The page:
The tremendous season Aramis Ramirez is currently enjoying has certainly gotten its fair share of virtual ink on the blogosphere. He remains one of the bright spots in a dreadful Brewers season — one that has seen the Brew Crew drop twelve games below .500 after back-to-back losses against the Philadelphia Phillies over the weekend.
A-Ram connected with two more home runs against the Phillies which brings his season total to 17 home runs and 58 extra-base hits. It’s almost unbelievable, considering he was only hitting .219 with 17 total extra-base hits on May 21 against the San Francisco Giants.
Since that arbitrary endpoint, the Dominican Republic native has blown the doors off with a .328/.383/.580 slash line and 41 extra-base hits. Ryan Braun has stolen most of the headlines due to his monstrous year, but Ramirez has exceeded expectations in his first year with the Brewers. Though the organization explicitly stated that Ramirez was not brought to Milwaukee to replace Prince Fielder, it’s interesting that one could argue that he has done just that in 2012 thus far:
Aramis Ramirez: +3.9 WAR
Prince Fielder: +3.3 WAR
Of course, the wins above replacement metric includes the controversial UZR statistics, which indicates that A-Ram has been above-average defensively this season, and also does not account for the differences in park and league. Still, the overarching point remains true that Aramis Ramirez has essentially replaced Prince Fielder’s production on the field this season.
Ramirez has done more than that, though. He has more extra-base hits this season than Ryan Braun and is making a run at the franchise record, currently held by Prince Fielder and Robin Yount with 87 extra-base hits in 2007 and 1982, respectively.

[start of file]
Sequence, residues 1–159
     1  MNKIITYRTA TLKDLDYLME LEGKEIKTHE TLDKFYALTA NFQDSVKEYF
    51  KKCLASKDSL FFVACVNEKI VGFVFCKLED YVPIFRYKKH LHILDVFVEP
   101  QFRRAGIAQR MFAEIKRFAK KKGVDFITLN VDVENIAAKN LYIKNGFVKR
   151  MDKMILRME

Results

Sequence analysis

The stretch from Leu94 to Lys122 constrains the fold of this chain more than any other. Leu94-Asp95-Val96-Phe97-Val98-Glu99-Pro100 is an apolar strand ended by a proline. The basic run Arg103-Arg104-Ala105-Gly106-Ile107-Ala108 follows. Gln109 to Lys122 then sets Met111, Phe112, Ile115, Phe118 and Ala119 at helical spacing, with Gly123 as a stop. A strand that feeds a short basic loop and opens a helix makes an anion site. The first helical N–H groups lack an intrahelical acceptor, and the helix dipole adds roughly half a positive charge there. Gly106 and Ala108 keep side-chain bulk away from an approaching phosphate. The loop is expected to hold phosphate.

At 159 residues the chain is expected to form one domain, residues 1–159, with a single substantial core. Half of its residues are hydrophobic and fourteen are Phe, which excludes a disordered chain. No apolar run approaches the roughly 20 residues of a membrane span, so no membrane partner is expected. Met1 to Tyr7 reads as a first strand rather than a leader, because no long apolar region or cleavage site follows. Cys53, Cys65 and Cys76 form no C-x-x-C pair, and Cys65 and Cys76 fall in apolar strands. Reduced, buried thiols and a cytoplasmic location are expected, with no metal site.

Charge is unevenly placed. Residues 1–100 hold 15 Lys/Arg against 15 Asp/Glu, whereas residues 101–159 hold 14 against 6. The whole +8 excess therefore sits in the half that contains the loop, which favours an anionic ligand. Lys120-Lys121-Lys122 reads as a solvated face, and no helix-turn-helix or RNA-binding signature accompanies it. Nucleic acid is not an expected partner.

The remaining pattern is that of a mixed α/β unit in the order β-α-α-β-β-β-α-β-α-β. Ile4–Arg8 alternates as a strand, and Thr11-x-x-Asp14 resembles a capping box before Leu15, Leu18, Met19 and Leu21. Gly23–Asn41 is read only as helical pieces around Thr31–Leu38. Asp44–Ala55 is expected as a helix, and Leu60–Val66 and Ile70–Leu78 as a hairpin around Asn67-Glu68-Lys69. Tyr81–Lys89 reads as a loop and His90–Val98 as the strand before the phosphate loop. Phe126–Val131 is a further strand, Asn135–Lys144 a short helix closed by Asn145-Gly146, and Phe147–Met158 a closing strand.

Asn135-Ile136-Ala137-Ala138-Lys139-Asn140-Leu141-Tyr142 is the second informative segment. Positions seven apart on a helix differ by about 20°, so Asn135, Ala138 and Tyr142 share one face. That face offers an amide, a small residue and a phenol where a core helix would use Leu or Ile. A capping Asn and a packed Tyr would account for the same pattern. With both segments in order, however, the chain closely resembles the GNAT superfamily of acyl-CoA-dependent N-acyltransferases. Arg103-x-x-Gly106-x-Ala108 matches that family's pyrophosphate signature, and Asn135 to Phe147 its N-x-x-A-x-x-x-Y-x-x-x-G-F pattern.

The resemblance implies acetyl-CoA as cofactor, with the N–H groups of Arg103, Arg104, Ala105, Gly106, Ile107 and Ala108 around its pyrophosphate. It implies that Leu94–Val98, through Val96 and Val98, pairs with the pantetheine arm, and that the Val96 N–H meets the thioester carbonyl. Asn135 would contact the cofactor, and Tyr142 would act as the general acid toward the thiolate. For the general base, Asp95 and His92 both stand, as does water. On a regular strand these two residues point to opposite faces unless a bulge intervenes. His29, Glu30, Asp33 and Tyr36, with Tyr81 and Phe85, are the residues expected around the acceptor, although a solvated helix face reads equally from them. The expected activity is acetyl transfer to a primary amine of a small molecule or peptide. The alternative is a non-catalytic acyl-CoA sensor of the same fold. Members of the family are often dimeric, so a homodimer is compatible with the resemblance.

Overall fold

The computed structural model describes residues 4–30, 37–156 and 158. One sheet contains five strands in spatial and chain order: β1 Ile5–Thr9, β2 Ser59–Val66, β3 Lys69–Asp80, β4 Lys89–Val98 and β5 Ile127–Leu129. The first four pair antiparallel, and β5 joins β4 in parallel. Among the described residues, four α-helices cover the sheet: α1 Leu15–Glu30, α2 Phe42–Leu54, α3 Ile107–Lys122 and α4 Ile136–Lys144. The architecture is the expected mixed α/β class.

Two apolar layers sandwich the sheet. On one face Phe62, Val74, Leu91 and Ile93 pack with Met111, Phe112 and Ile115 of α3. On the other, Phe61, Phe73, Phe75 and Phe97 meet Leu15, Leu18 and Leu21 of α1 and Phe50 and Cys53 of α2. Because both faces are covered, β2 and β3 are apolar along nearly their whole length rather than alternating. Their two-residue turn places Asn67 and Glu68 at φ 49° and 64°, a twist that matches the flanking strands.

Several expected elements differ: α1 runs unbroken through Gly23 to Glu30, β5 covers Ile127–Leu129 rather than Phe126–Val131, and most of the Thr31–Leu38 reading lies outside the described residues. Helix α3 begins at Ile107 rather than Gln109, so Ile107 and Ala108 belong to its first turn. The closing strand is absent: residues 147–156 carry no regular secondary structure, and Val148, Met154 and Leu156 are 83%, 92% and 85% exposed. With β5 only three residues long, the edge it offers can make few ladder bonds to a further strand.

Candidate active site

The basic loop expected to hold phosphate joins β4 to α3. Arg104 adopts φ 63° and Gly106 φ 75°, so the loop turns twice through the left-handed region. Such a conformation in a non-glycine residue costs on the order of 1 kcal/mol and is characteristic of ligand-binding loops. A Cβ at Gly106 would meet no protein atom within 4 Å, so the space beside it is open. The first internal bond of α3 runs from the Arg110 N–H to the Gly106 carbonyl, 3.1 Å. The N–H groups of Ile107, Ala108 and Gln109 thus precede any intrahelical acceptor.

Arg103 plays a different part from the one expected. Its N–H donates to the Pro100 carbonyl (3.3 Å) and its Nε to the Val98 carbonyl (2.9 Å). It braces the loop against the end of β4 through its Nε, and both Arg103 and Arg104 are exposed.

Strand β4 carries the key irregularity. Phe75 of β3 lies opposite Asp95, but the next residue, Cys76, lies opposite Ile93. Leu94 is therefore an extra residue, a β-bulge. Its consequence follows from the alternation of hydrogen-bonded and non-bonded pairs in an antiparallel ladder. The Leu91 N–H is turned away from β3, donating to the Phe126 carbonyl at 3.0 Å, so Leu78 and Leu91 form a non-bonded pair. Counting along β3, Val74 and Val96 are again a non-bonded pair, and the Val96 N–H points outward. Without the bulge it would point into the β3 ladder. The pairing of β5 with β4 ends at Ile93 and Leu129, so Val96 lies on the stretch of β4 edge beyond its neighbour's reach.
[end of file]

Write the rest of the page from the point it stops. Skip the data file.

Currently sitting at 58 extra-base hits with 42 games remaining, the 34-year-old still needs 29 extra-base hits to tie the record — which means he must collect an extra-base hit in more than every other game. More specifically, he must log an extra-base hit once every 1.45 games throughout the remainder of the season. The good news is that since the beginning of June, Ramirez has one extra-base hit every 1.75 games, so he has not been overwhelmingly off the pace for the past two-and-a-half months.
The final two years of Ramirez’s contract still should raise some eyebrows — as he will cost $10M in 2013 and $16M in 2014 with $6M deferred in 2014 — but the three-year, $36M contract negotiated by Doug Melvin this past winter has currently paid massive dividends for this Brewers team. Using FanGraphs’ dollar/win estimations, Ramirez has been worth $17.7M this season. At that rate of production, his contract will have been monetarily “worth it” by the end of 2013.
In a year without much to celebrate or follow, however, Aramis Ramirez’s chase for Brewers’ history may be one of the more interesting storylines down the stretch. He’s certainly a longshot to tie the franchise record, but his career splits suggest August and September are historically two of his better months at the plate, giving him a chance to put together a special stretch and give the record a run.
Again, all from a player who was hitting .219 on May 21, his 40th game of year.